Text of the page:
Samba Defined

Samba Defined

Date added to ADN: Tue, February 21, 2012
Originally Published: Sun, January 01, 2012
by The AccessDance Network (About the Author)

The Samba is referred to as the dance of joy and celebration at Carnivals in Rio de Janeiro, Brazil. A dance that is lively and rhythmical, it has become one of the most popular Latin dances in ballroom dancing competitions.

Samba was popularized by Brazilians but had African influence. Its origins started with slaves from Africa who were brought into Brazil by the Portuguese. Their music was fused with Indian and Portuguese music creating a Latin rhythm. The African dances were attempted to be suppressed by Christian Portuguese, because the dances were deemed as sinful. In the early 1800s, Emperor Manuel I banned what they called the Batuque, which was an antecedent to the samba. However, many black and white people danced such rhythms continuously. As the African slaves and the Portuguese interacted with the Native Americans in Brazil, local tribe steps were incorporated. The swaying and body rolls of Lundu natives were included and later became a major characteristic of samba. The local dances were performed in the Brazilian Carnival during the 1800s. The Portuguese and other settlers from Europe included their original moves, which include the holding of partners. It later became a dance called Zemna Queca, and then was named Mesemba. In the early 1800s, it was mixed with Maxixe becoming the earliest adaptation of the modern samba. The dance eventually started to make its way throughout Europe and was localized. The Europeanized version of the Samba, which is the Carioca spread to the US and was performed by Fred Astaire and Ginger Rogers in the movie they had together.

Sambistas or samba dancers perform rapid steps taken on quarter beats and with swaying motion. The major characteristic of this dance is the "Samba Bounce Action" which is felt through the knees and ankles. The basic footwork of the dance includes fast, three-step change of weight together with a slight lift of the knee and with alternating feet. The rhythm is "quick, quick, slow, and". Samba concludes with the partners throwing their heads back and extending their arms to the sides.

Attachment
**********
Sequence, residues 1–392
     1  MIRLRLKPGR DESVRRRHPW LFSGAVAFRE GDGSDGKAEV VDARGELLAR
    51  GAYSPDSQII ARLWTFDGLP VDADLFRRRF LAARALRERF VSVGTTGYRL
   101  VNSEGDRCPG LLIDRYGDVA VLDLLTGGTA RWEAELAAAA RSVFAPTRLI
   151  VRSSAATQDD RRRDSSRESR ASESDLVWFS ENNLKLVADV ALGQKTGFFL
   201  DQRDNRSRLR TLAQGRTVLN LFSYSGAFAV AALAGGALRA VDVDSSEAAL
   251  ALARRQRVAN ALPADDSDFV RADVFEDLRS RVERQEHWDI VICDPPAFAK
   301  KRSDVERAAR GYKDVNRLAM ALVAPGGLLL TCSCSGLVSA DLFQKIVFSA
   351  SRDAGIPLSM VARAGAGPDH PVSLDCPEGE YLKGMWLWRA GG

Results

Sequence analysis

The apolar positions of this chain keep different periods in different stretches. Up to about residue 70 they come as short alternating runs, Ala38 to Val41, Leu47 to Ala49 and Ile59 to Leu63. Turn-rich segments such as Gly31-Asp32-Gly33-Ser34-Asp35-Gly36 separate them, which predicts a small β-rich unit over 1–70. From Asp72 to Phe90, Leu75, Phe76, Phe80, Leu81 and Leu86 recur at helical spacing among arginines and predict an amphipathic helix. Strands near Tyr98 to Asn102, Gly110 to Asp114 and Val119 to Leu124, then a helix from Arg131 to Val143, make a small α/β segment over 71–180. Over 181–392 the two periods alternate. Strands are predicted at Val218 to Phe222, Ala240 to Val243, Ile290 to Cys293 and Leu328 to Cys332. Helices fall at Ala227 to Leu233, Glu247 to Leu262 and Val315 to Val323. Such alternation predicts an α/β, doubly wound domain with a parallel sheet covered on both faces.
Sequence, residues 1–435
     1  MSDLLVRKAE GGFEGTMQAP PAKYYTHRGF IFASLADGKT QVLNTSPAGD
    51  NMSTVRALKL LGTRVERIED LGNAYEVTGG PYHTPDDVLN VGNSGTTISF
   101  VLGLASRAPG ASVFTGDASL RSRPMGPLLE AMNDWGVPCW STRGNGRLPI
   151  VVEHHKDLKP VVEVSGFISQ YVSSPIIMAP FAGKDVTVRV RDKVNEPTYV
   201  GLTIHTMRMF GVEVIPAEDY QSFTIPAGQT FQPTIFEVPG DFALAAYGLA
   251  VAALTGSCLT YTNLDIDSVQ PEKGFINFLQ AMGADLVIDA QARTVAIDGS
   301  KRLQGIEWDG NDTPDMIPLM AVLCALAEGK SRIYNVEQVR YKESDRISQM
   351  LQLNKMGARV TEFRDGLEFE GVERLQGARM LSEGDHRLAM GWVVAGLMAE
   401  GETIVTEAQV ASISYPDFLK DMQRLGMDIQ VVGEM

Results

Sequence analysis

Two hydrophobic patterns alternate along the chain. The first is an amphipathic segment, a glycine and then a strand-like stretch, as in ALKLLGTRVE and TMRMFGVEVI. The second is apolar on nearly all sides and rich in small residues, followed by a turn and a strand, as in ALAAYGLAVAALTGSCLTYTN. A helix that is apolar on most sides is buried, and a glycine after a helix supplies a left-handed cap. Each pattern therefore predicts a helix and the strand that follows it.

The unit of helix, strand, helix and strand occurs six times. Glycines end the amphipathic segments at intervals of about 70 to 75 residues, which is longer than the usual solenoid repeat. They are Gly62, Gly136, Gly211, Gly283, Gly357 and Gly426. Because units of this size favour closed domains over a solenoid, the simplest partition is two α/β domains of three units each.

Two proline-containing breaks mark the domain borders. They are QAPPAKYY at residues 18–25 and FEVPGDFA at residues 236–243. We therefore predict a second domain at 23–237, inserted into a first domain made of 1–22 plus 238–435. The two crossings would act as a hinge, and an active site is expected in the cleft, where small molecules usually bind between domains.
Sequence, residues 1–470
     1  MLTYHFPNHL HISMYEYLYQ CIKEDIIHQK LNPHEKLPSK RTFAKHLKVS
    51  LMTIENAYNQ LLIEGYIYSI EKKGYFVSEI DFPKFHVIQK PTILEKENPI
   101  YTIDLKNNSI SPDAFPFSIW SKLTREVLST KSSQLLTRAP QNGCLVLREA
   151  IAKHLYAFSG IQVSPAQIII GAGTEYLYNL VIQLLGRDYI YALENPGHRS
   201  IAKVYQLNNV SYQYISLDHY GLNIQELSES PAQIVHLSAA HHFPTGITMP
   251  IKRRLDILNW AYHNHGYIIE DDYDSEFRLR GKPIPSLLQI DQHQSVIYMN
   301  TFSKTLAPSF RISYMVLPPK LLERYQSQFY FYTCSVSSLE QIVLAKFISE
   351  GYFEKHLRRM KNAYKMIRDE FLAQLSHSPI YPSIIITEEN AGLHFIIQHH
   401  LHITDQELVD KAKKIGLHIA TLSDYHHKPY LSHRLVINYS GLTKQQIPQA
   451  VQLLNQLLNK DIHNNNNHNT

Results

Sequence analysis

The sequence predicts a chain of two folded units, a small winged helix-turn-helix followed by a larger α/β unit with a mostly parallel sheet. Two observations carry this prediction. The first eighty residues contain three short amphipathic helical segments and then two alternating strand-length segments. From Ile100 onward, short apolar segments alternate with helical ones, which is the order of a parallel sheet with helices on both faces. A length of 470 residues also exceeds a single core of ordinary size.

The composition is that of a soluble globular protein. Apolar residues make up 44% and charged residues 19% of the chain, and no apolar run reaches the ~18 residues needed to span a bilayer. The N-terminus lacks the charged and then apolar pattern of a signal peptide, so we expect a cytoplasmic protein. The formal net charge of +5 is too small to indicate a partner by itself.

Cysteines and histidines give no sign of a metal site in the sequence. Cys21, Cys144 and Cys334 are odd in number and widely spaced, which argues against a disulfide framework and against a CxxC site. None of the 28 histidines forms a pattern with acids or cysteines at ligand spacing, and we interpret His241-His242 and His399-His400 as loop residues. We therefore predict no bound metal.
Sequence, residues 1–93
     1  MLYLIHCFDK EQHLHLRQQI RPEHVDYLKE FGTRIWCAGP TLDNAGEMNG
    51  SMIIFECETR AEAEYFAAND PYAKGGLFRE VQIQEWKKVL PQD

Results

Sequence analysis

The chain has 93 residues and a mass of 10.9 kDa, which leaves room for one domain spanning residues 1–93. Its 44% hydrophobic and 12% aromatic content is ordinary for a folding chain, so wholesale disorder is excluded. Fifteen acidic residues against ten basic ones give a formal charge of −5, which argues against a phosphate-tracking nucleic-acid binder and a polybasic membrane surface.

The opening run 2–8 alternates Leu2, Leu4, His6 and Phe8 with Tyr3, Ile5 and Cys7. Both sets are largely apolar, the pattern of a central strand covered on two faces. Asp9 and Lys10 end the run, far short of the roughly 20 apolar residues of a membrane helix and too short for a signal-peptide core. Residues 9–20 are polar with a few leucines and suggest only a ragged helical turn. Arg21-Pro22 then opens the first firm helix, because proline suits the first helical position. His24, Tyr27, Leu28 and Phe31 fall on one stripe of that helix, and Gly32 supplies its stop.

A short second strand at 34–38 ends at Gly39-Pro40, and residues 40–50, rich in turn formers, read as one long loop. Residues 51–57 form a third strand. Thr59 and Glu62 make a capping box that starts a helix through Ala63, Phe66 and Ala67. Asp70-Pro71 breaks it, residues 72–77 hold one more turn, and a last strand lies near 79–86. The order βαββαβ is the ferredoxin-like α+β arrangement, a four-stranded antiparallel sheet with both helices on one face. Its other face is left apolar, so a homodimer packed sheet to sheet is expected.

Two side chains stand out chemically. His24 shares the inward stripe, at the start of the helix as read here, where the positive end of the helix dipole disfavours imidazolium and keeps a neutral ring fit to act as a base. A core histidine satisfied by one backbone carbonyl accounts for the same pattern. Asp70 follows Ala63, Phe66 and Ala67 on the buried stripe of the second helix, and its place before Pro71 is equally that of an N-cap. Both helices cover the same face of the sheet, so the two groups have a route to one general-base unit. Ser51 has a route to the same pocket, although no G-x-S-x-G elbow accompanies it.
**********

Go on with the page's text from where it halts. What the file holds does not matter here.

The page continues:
The music of samba is emphasized by Brazilian musical instruments, like the tambourine, chocalho, cacaba and reco-reco. With its distinguishing rhythm, its music has a tempo of about 100 beats per minute.

You don't have to be at a Carnival in the streets of Rio to enjoy such a fast and energetic rhythm. Whenever you feel like celebrating, you can easily and quickly dance to its glorious moves. Why don't you learn with us now? You'll surely have a joyous feeling while dancing the beautiful rhythm of samba.

About the Author:
Providing information for Ballroom Dance Lessons, Activities, Dance Competitions and News of the Dance Industry.

Disclaimer: The views and opinions expressed in this article are those of the authors and do not necessarily reflect the views and opinions of the AccessDance Network. Be aware that imagery is copyrighted and often licensed for use on AccessDance only. Copying of images is strictly prohibited.

Bookmark and Share

 Related Topics

All About Ballroom

Salsa is ever evolving and open to improvisation. The now stately Waltz was considered scandalous. Influenced by people, culture, and time, dance is ever-changing. Be in the know and learn all about Ballroom.

Meet New People

Get out and be part of the fun. Meet new people through the universal language of dance. Dance lessons will get you out on the dance floor with your friends or maybe you'll catch the eye of that special someone.